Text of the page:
Rating: 2 stars
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Marcus Kildud is used to confronting dangerous situations that might break lesser men, but his most recent job is even more than hazardous than usual. When he and his trusted crew agree to visit the planet of Terrus, they aren’t sure what they’ll find, but the money is too good to ignore. They discover the Prelate’s son is missing and, along with him, a secret the people of Terrus are desperate to protect.
Armed with little useful information, Marcus and the team venture into territory that is as wild as it is unknown. All too soon they realize that they are hunting creatures so menacing and vicious, it’s hard to imagine them even existing. Now they’re in a race against time to satisfy their mission and get out alive. But their enemy is unpredictable and unseen and threatens to destroy even the toughest among their company.
The Hunt is a relatively quick reading novella that focuses on the leader of a small band of space mercenaries. The plot of The Hunt is so thin it’s almost hard to find. It’s there, but it’s far from either detailed or engaging. There just isn’t much world building or even much information about who Marcus and his team are or what they actually do. We know they take jobs for hire and they all want to leave the life and retire, but we aren’t given much beyond that. Marcus is dating his tracker, Malik, and while there’s some on page sex, this book isn’t really a romance. None of the characters are developed enough to be even remotely engaging. The Hunt is supposed to be the start of a series following Marcus and his adventures and maybe further works will offer more evolution, but at the moment, there just isn’t much to work with. There is a scene involving Marcus towards the end that had some depth and it shows what the characters could be if they’re given the chance.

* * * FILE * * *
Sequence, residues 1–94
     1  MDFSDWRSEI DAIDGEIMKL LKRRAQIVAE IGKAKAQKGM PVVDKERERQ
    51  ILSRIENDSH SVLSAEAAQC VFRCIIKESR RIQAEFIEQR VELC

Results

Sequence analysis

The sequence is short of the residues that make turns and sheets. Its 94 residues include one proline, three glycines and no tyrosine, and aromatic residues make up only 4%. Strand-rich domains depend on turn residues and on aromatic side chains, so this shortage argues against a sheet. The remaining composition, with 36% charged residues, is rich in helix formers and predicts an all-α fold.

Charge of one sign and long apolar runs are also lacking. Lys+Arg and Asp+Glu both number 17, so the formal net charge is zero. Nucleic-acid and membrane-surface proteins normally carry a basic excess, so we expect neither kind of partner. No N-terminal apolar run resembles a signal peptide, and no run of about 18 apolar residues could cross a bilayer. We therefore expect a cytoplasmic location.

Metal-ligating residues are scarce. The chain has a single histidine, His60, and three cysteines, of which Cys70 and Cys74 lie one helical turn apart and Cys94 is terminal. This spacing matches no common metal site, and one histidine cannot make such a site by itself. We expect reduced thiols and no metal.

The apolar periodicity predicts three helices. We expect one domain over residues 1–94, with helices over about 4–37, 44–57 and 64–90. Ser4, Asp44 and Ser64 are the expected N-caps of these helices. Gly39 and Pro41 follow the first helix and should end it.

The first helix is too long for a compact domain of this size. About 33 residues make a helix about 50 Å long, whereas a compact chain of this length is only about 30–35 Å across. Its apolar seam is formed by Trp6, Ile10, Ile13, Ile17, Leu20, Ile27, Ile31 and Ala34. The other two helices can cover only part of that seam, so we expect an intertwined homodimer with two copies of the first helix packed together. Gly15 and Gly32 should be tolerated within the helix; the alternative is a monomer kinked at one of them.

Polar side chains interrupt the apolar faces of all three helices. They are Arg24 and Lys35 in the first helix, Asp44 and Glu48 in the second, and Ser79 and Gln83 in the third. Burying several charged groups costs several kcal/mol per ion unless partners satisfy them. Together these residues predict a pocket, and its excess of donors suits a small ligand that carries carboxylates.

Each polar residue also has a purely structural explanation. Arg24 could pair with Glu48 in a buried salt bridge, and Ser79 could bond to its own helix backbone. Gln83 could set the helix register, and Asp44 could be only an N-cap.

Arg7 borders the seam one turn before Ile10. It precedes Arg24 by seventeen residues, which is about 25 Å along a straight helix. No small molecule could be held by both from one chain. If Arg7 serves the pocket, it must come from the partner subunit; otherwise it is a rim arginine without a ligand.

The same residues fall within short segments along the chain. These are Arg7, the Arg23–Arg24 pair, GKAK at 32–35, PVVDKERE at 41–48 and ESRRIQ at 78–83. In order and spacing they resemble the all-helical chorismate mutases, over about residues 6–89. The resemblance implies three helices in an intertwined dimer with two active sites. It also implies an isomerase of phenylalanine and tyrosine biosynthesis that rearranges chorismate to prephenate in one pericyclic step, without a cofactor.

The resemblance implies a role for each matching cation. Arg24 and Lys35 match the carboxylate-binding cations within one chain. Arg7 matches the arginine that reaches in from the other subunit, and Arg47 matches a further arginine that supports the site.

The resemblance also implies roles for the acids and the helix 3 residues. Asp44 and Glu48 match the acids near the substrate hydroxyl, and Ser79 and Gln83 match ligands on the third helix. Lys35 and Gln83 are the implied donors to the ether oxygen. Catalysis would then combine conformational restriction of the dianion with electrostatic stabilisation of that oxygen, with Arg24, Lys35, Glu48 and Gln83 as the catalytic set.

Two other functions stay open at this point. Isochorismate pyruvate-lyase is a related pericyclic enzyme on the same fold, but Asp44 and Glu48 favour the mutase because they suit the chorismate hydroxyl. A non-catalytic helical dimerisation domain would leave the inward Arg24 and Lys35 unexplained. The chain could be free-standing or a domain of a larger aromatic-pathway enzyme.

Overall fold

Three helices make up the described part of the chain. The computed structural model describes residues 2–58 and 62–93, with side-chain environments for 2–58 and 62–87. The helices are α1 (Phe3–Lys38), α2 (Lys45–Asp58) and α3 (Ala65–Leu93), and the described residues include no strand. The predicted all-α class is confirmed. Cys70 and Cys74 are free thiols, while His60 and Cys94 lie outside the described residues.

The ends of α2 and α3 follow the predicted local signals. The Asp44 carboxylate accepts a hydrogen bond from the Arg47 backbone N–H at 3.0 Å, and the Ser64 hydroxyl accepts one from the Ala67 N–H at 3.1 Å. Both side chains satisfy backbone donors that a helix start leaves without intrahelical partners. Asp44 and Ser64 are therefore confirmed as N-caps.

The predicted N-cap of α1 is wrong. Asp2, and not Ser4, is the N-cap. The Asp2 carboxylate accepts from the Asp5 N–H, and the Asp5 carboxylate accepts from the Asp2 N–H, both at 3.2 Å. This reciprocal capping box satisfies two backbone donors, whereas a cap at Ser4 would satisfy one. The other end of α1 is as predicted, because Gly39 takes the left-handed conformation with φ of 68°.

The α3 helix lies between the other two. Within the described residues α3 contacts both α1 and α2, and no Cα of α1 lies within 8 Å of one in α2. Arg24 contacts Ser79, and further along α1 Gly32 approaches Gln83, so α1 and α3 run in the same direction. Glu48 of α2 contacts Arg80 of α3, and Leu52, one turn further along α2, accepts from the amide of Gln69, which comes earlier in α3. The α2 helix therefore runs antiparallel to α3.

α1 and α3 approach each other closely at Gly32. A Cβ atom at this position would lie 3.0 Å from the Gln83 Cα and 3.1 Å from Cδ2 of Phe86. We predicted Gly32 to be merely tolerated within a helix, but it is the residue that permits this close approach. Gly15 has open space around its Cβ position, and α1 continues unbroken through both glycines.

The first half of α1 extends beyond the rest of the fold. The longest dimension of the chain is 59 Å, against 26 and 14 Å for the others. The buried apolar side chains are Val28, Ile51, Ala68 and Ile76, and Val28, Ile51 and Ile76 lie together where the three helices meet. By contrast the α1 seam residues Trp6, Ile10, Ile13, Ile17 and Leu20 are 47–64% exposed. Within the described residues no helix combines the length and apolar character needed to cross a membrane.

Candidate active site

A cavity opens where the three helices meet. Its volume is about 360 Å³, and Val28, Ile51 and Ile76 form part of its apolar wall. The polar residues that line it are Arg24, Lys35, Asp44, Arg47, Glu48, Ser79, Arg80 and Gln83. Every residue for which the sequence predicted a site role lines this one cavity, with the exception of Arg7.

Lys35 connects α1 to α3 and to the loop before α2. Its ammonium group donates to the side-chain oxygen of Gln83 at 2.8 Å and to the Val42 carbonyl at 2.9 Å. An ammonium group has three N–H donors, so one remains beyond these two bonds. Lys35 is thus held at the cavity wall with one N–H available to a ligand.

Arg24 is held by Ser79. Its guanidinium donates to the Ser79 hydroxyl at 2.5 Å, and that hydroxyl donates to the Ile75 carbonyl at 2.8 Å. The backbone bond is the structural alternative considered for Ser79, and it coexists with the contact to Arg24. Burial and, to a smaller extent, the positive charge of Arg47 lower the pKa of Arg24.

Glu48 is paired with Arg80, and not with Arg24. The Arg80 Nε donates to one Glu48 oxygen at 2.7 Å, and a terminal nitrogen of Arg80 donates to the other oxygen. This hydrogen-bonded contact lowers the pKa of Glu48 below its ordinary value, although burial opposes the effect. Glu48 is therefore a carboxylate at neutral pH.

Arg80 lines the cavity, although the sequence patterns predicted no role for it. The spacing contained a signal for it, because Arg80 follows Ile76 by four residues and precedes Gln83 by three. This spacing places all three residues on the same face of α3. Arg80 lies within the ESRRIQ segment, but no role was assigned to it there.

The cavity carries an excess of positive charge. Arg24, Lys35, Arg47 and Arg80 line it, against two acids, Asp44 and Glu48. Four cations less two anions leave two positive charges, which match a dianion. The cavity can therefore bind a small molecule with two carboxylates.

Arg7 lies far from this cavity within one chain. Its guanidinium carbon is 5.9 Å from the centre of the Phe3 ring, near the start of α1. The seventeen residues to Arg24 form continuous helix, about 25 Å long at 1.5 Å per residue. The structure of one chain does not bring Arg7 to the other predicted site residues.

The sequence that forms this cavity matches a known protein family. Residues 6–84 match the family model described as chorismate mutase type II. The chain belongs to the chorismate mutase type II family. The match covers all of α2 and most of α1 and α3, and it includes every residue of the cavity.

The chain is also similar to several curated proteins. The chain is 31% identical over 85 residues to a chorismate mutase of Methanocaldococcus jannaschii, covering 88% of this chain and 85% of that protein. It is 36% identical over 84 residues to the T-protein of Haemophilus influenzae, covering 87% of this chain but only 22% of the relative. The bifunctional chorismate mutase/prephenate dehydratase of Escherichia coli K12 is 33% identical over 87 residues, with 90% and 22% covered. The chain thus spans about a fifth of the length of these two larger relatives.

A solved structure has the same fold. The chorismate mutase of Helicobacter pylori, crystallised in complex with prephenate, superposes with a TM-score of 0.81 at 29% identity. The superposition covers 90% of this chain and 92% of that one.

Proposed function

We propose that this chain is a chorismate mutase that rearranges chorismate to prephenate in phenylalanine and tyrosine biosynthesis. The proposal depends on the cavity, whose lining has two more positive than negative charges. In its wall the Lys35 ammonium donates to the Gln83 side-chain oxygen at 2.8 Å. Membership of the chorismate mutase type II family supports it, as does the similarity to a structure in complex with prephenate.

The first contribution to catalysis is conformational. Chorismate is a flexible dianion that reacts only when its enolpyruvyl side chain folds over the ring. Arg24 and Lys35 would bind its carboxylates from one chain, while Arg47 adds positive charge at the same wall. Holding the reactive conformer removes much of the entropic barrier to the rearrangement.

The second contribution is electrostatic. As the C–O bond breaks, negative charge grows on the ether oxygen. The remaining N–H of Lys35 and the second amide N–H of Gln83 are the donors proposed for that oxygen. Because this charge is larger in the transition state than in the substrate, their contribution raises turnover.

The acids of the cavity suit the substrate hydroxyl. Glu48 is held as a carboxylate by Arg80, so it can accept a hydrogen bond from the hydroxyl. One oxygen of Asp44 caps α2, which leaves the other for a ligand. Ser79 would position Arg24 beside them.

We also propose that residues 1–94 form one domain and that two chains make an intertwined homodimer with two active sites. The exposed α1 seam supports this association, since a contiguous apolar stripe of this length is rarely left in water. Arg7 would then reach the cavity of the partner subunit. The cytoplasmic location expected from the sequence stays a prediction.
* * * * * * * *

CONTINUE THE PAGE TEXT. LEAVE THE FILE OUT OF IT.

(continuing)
Most of the book centers around the crew’s search for the missing son of the Prelate and the ominous creature that seems to have killed the young heir and all of his men. This should be a tension-filled journey given what’s at stake, but it feels very rote and conventional. As a reader, I wanted more action and moments fraught with danger and these just don’t materialize. Now normally I’d never mention what kind of monster we’re dealing with, but this one can actually be a real trigger for folks so I feel like I need to put it out there. [spoiler] Folks we’re talking snakes. Big snakes. Snakes that fly.[/spoiler] So consider yourself warned. And while the trek itself is pretty mundane, the author does a good job making these creatures suitably creepy and menacing. I think monsters get a bad rap personally, but when they start to fly, even I’m going to think twice about defending them.
The Hunt doesn’t really evolve beyond its very superficial beginnings. There’s not a ton of depth to work with and even the characters fail to make a measurable impression. I’m not sure where the series is going from here, but this one just wasn’t for me.